Even if Lake Cachuma is restored to full levels, the drought impacts will last for awhile. It will take several years for the groundwater basins to completely recover. In order to help replenish the basins, pumping will be reduced in wet years through conjunctive management with other water supplies.
"There is not one answer for solving our water problems. Each local water agency will have unique challenges. A diverse supply mix has helped the City to sustain challenging periods when one or more water sources is not available. On the state level, there will be a focus on improving rainwater capture and surface water storage capacity, increasing groundwater storage and management, and potable reuse opportunities for the future. There is always a need to conserve, and it should be a way of life even after the drought subsides."
From Minnesota to California
Kelley's path took her from a Minnesota childhood to college in Colorado where she attended the University of Colorado at Boulder. Initially interested in chemical engineering, she became intrigued with water management and changed her major to civil engineering with an emphasis on water resources. Her first job took after college took her to San Diego where she worked for an engineering firm as a consultant. "I had a good mentor." When a position became available in Santa Barbara, she applied and moved here with her husband, Jack Dyer, who founded Topa Topa Brewing.
After our interview, Kelley mentioned that during the drought, some Ojai ranchers were struggling to feed their livestock because their grazing areas were barren, and Jack gave away all of the spent grain from Topa Topa Brewing to help them get through the drought. "Some of the chicken and steak that we have eaten was fed by spent grain from Topa Topa."
In addition to working hard in their respective careers of managing the water supply and crafting beer--as well as helping neighbors in need--this young couple also loves to spend time in nature; hiking in the mountains , mountain biking, surfing and sailing. "We dream of having a boat and sailing to the islands on weekends."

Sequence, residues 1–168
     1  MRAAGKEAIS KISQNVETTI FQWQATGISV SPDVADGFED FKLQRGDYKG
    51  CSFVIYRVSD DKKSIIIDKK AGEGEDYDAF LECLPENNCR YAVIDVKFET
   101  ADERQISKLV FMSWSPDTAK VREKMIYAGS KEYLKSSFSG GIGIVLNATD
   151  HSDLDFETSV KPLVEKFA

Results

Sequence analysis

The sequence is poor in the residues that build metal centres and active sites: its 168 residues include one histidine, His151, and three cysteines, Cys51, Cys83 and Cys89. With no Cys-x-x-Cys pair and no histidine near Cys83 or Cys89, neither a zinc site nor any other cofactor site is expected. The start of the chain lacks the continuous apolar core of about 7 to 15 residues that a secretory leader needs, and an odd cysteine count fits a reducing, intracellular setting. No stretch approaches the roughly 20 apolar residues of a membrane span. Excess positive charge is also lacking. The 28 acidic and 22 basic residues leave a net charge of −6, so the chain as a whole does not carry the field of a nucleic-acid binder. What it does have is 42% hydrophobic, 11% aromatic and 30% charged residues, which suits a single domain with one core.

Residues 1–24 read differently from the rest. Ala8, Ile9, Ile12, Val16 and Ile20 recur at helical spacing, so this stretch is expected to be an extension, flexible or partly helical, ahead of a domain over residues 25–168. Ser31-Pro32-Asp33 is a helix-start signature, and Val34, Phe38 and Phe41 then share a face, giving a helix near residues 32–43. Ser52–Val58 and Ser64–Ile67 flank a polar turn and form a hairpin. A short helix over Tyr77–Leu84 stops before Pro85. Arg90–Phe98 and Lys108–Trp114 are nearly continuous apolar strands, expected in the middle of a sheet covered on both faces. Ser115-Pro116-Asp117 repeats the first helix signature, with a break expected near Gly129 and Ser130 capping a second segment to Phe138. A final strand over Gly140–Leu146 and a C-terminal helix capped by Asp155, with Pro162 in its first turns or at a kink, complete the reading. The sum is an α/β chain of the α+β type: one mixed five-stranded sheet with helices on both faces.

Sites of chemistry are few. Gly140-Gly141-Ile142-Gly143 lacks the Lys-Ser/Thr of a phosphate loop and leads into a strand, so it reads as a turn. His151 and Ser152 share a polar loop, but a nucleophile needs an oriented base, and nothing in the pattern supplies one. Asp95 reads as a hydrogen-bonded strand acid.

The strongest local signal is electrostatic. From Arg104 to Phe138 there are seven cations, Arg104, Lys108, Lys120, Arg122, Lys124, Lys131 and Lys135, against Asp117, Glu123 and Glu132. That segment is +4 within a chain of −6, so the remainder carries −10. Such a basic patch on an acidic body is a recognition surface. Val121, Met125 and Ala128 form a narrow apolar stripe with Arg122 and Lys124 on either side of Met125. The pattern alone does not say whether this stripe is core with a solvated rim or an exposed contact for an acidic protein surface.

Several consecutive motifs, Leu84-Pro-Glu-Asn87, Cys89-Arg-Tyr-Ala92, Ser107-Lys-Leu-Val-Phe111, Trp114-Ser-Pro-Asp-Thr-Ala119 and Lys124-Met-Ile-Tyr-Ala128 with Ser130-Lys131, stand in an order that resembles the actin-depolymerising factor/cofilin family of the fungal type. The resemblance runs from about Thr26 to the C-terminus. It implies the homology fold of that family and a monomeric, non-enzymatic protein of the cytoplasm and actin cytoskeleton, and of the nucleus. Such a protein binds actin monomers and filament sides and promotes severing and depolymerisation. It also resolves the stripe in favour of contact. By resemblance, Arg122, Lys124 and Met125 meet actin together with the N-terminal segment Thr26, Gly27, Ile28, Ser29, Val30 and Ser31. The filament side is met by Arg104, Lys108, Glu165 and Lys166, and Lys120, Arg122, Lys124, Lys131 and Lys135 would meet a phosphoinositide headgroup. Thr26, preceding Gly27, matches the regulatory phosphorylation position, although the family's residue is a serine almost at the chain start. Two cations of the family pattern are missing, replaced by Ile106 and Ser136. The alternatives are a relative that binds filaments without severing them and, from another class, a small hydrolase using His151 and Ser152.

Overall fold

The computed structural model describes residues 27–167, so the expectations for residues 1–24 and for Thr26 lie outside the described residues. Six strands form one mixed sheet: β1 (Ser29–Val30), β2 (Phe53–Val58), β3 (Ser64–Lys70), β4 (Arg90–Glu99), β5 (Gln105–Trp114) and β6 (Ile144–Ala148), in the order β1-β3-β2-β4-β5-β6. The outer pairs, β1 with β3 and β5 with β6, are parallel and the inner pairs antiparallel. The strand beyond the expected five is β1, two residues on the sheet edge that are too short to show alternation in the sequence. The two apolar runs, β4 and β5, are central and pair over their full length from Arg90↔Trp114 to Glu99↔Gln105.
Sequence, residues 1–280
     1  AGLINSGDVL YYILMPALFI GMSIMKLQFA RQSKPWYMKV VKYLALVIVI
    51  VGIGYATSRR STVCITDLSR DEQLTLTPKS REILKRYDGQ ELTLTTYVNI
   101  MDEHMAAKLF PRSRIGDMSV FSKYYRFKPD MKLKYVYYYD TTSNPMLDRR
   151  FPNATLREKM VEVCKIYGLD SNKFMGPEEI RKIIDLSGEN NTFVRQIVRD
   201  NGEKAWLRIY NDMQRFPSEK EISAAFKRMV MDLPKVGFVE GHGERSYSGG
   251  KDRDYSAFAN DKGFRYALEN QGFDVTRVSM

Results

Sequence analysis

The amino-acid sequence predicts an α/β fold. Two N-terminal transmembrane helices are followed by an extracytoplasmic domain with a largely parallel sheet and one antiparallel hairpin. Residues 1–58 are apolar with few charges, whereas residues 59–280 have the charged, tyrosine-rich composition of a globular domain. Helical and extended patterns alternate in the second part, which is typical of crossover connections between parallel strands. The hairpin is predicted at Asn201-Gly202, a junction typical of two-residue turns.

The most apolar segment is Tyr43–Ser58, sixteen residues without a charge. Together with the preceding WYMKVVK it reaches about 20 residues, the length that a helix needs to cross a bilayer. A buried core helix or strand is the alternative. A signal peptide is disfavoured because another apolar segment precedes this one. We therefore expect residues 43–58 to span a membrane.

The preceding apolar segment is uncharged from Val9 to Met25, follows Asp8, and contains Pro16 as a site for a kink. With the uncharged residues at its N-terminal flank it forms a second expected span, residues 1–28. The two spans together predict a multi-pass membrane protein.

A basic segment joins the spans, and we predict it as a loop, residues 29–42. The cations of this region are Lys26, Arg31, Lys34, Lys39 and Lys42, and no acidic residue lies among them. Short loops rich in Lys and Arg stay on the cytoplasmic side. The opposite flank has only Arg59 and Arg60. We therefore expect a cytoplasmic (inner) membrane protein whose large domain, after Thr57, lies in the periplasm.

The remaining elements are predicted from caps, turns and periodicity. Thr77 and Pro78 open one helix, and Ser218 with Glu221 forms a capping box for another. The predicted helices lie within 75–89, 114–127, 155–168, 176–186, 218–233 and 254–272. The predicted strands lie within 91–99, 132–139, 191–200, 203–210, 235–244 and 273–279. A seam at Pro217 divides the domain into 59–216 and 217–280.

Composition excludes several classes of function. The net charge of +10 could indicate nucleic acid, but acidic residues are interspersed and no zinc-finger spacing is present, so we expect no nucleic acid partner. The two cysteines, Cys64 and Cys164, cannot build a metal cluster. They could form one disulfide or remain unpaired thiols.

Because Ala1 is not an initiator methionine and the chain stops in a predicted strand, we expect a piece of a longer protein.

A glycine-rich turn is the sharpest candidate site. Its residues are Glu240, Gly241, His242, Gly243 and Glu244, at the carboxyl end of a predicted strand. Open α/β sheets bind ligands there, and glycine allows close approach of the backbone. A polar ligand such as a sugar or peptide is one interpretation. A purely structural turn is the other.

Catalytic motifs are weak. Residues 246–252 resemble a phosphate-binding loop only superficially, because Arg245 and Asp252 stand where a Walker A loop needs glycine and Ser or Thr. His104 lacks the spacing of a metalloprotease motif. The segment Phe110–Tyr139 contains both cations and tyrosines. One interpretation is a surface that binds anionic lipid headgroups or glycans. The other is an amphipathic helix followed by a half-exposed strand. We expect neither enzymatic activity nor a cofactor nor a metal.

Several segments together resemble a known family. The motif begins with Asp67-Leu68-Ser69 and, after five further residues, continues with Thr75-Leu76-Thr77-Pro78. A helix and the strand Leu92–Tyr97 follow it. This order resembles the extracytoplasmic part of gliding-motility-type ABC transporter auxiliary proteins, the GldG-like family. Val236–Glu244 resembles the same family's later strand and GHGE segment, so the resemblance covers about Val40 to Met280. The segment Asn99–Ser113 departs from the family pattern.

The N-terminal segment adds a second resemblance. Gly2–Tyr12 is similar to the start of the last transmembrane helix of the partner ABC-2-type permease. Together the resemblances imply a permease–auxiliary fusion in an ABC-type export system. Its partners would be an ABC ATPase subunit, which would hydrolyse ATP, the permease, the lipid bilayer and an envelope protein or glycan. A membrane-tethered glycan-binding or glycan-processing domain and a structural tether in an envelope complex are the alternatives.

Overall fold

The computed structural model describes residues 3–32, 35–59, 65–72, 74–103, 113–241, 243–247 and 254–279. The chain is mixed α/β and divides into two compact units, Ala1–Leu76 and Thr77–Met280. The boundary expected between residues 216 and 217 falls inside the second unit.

Reflecting back on her childhood, Kelley shares about her family. “My mother was a teacher, and always encouraged my pursuit of education in science and math. My father was a farmer, I remember him always talking about the weather. Now I watch the weather; I look for rain.”
-By Katherine Bradford
Notes on the portrait painting process:
“I spent some time exploring Surrealism before I started Kelley’s portrait. I felt the philosophy of this art movement offered a creative way to convey the depth and breadth of water management in our region and California. We are governed by this resource. Our future depends on how we manage water and our past was shaped by its access.” -Holli Harmon
Surrealism was a means of reuniting conscious and unconscious realms of experience so completely that the world of dream and fantasy would be joined to the everyday rational world in “an absolute reality, a surreality. -From the Surrealist Manifesto, by Andre Breton. 1924